As developing countries strive to embrace e-Governance in their respective development agendas, there is need to invest in innovation processes which will adapt new technologies and practices for the benefit of their populations.

We consider it important to emphasize that the ability to access, adapt and diffuse knowledge generated elsewhere, is an important prerequisite for technological progress in developing countries. Hence for us, Estonia serves as a world-renowned centre of knowledge and learning,

However, it is imperative for a successful e-Governance programme to be accompanied by a vibrant innovation environment characterized by factors that include:

  1. A skilled workforce;
  2. A sound business environment ideas, technologies and business models, and that helps them to grow, increase their market share and reach appropriate levels of scale;
  3. Policies that encourage innovation and entrepreneurial activity; and
  4. A strong focus on governance and implementation.

It is also worth mentioning that, although, digital technologies are being adopted in the developing world at an unprecedented rate, lack of connectivity in many of our countries, and limited competition, make these technologies unaffordable for the majority of the population. This continues to occur, despite the fact that the world is more complex and interconnected than ever.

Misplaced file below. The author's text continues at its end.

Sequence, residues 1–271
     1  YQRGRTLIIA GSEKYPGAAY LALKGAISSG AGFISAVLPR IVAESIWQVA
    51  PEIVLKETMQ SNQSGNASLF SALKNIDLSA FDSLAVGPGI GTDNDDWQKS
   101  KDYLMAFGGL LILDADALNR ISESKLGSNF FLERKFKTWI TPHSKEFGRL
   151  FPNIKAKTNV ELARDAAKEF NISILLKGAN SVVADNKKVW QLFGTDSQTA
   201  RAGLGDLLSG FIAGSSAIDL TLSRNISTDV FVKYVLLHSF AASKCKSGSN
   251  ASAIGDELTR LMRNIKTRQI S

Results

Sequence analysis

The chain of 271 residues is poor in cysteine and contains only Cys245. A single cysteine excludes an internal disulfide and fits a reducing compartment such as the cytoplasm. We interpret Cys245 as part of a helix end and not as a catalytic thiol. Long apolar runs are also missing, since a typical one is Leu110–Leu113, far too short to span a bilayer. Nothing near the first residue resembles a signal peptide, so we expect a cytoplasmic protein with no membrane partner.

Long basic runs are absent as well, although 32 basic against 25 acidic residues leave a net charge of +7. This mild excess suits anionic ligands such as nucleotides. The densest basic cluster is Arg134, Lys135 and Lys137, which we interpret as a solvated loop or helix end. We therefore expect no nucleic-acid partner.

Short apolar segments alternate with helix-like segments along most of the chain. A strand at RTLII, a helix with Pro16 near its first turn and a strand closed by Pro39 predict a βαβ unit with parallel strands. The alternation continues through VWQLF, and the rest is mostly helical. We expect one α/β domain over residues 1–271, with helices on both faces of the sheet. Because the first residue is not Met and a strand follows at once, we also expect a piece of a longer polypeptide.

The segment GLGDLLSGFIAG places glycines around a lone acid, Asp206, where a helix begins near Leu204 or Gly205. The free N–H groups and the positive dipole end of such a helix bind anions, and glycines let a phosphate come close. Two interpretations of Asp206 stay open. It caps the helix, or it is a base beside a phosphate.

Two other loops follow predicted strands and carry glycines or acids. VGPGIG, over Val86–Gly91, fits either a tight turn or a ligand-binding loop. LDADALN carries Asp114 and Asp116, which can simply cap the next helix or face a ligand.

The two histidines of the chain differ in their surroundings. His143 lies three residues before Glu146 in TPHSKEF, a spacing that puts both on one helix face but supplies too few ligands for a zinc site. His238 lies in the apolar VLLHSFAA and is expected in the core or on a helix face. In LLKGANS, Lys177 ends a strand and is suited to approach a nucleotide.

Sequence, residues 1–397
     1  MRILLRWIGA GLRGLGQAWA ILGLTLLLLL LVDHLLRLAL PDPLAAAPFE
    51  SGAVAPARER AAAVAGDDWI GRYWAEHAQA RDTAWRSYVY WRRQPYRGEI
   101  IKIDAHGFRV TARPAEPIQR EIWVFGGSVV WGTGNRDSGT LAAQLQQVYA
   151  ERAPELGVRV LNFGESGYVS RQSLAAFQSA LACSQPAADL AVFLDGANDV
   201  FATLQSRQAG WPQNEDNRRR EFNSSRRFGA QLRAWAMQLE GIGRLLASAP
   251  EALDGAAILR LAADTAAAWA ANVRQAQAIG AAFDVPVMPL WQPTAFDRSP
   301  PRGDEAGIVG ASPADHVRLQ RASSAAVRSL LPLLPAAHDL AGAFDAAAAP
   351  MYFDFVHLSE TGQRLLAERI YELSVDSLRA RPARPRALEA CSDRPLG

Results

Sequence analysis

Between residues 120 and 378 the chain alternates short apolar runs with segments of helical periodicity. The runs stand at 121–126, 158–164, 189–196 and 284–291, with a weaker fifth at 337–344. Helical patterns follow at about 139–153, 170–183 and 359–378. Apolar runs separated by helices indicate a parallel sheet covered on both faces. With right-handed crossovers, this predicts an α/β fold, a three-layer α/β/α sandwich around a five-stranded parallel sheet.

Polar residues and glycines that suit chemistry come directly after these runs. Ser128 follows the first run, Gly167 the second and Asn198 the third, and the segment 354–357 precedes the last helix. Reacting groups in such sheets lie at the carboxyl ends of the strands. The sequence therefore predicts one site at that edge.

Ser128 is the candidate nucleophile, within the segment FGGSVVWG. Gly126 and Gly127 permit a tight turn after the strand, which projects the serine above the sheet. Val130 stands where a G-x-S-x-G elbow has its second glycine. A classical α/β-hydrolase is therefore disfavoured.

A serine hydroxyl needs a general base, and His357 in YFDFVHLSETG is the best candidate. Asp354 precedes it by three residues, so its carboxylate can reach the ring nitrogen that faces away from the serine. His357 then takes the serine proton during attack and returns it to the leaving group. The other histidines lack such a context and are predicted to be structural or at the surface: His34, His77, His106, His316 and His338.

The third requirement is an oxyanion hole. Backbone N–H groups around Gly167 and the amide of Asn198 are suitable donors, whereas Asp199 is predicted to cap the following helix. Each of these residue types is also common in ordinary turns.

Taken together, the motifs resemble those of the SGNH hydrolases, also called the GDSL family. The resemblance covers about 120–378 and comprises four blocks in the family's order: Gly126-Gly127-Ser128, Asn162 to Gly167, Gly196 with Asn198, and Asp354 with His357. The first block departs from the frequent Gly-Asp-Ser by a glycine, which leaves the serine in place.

In recognition of this disturbing fact, the 10th EDF intra-ACP Development Cooperation Funds, co-managed by the ACP and the European Commission, responded by designing an ACP Connectivity Programme of 13 Million Euros. The specific objective of the Programme is to facilitate the creation, development and use of regional education and communication networks and internet connectivity in view of having a more inclusive information society at all-ACP, regional and national levels. The activities for the ACP Connect Programme, included the AfricaConnect Initiative, which continues to be funded under the Pan African Instrument financed by the resources from the EU.

Moreover, the promotion of public-private partnership investments in the ICT sector, to facilitate the diffusion of ICT in the social and economic sectors of our countries, is crucial to the success of all these efforts. It should however be underlined that successful partnerships in any sector are a function of overall investor confidence in the socio-political system, ease of doing business and consistency or predictability of the relevant legal frameworks. If these elements are right, it has been found that public-private partnerships will develop and flourish organically.

To this end, as the ACP countries adapt and adopt ICT systems, including e-Governance in their strategic development plans, the dividends will lead to the rolling-out of inclusive, open and secured information or connected societies.

This will allow the populations in our countries to reap the benefits from the use of new emerging technologies, applications and online services as they move towards knowledge-based economies. This is the direction of the 21st century in which we intend to share and be a catalyst for all of Africa, the Caribbean and Pacific regions.

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Autor(en)/Author(s): Dr Patrick I. Gomes

Quelle/Source: IDN InDepthNews, 02.06.2017